Leave your laptop at home!
In this digital age of iPad schools, Facebook communities and trending topics, students more and more use their laptops to take notes during lectures. Recent research has shown that this has a bad influence on their knowledge acquisition.
Laptops in the classroom: What's the problem?
In my lectures I see more and more students using laptops, tablets, or iPads to take notes. Although I sometimes wonder whether they are really so intrigued by my lectures and their notes or whether they secretly train their troops for Clash of Clans while listening to me, I have no problem with it.
However, students may have a problem, and they might need to rethink using their laptops during lectures. However entertaining laptops might be, I recently read a blogpost about research on how the use of laptops for taking notes during lectures affects students’ learning performance. The outcome was not good.
'Laptop students' process less
The researchers compared students who made handwritten notes on paper with students who made notes on their laptops. Both groups had to listen to the same lecture, and were tested on their knowledge 30 minutes after the lecture. The ‘handwritten’ or ‘laptop’ students did not differ in the amount of factual knowledge they recalled. However, students who typed their notes on their laptops did worse in conceptual learning, which needs a deeper understanding and for which students need to be able to make conceptual links between different parts of knowledge. They knew the same stuff, but understood it less well. As a comparison: those who take notes on their laptops may know as much of the parts of the human body as those who take handwritten notes, but they have a harder time understanding how these parts work together in a body.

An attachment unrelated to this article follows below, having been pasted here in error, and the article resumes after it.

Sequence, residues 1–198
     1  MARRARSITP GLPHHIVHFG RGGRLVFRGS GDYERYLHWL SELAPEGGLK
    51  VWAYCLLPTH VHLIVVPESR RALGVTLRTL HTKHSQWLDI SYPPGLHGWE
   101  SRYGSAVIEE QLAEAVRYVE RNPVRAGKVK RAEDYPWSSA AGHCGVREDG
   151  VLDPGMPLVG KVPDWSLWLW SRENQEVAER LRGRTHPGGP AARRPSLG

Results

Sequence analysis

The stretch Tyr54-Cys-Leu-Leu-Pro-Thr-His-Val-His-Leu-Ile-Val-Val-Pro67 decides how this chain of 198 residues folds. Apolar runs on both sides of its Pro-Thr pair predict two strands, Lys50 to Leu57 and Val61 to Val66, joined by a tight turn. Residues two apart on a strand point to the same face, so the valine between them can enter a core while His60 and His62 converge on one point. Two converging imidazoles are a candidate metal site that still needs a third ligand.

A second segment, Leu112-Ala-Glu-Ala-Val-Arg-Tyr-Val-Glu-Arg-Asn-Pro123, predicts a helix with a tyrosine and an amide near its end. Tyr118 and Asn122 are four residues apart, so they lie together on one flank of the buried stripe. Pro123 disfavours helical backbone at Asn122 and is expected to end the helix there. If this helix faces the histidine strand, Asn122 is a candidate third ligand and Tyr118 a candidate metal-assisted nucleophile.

When the researchers did a second study in which they tested the students in an exam a week after the lecture, those who took handwritten notes outperformed those who typed their notes on a laptop on both factual recall and conceptual learning.
Summarizing and paraphrasing
The explanation of the researchers was that typing notes on a laptop is a type of relatively mindless information processing, in which students take copious verbatim notes without giving the lecturer’s text much thought. Those who take handwritten notes do not have the time to literally write down what the lecturer says, and as a result need to summarize and paraphrase the lecturer’s text, which forces them to think more deeply about the things they hear, which increases their conceptual knowledge of the topic.
The multi-task temptation
In another study, a few years ago, the effect of multitasking in lectures by students using laptops was investigated. In two studies, students who were multitasking by listening to lectures and browsing the internet were tested on their recall. The results showed that browsing the internet during lectures, especially in long sessions —even on lecture-relevant topics—, led to lower grades. Multi-tasking during lectures seems to be a bad idea.
Back to handwritten notes
So, my conclusion is not that you should throw your laptop out of the window -- there is plenty of research showing that using a laptop can help learning. I do suggest leaving your laptop at home when you go to a lecture. Taking your laptop to a lecture may result in mindless typing out whatever the lecturer says, and the entertaining distraction that your laptop offers will also hinder your learning. Take old-fashioned handwritten notes during the lectures—try a fountain pen for the traditional, vintage feel—and transfer these notes to your laptop when you get home.
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